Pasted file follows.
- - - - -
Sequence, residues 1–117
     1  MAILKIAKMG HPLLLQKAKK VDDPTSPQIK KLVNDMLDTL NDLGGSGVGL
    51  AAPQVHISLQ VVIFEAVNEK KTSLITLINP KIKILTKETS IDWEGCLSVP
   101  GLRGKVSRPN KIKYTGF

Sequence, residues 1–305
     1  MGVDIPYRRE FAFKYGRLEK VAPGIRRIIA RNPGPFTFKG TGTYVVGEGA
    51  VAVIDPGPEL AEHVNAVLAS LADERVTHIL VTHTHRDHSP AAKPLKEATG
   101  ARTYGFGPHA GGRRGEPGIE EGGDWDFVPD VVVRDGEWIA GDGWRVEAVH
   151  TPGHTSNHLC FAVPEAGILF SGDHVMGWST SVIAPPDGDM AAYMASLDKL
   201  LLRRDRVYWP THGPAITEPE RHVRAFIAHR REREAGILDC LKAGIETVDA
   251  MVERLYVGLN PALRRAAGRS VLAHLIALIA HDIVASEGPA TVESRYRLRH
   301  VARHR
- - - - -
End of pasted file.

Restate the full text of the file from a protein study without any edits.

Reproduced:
Sequence, residues 1–117
     1  MAILKIAKMG HPLLLQKAKK VDDPTSPQIK KLVNDMLDTL NDLGGSGVGL
    51  AAPQVHISLQ VVIFEAVNEK KTSLITLINP KIKILTKETS IDWEGCLSVP
   101  GLRGKVSRPN KIKYTGF

Sequence, residues 1–305
     1  MGVDIPYRRE FAFKYGRLEK VAPGIRRIIA RNPGPFTFKG TGTYVVGEGA
    51  VAVIDPGPEL AEHVNAVLAS LADERVTHIL VTHTHRDHSP AAKPLKEATG
   101  ARTYGFGPHA GGRRGEPGIE EGGDWDFVPD VVVRDGEWIA GDGWRVEAVH
   151  TPGHTSNHLC FAVPEAGILF SGDHVMGWST SVIAPPDGDM AAYMASLDKL
   201  LLRRDRVYWP THGPAITEPE RHVRAFIAHR REREAGILDC LKAGIETVDA
   251  MVERLYVGLN PALRRAAGRS VLAHLIALIA HDIVASEGPA TVESRYRLRH
   301  VARHR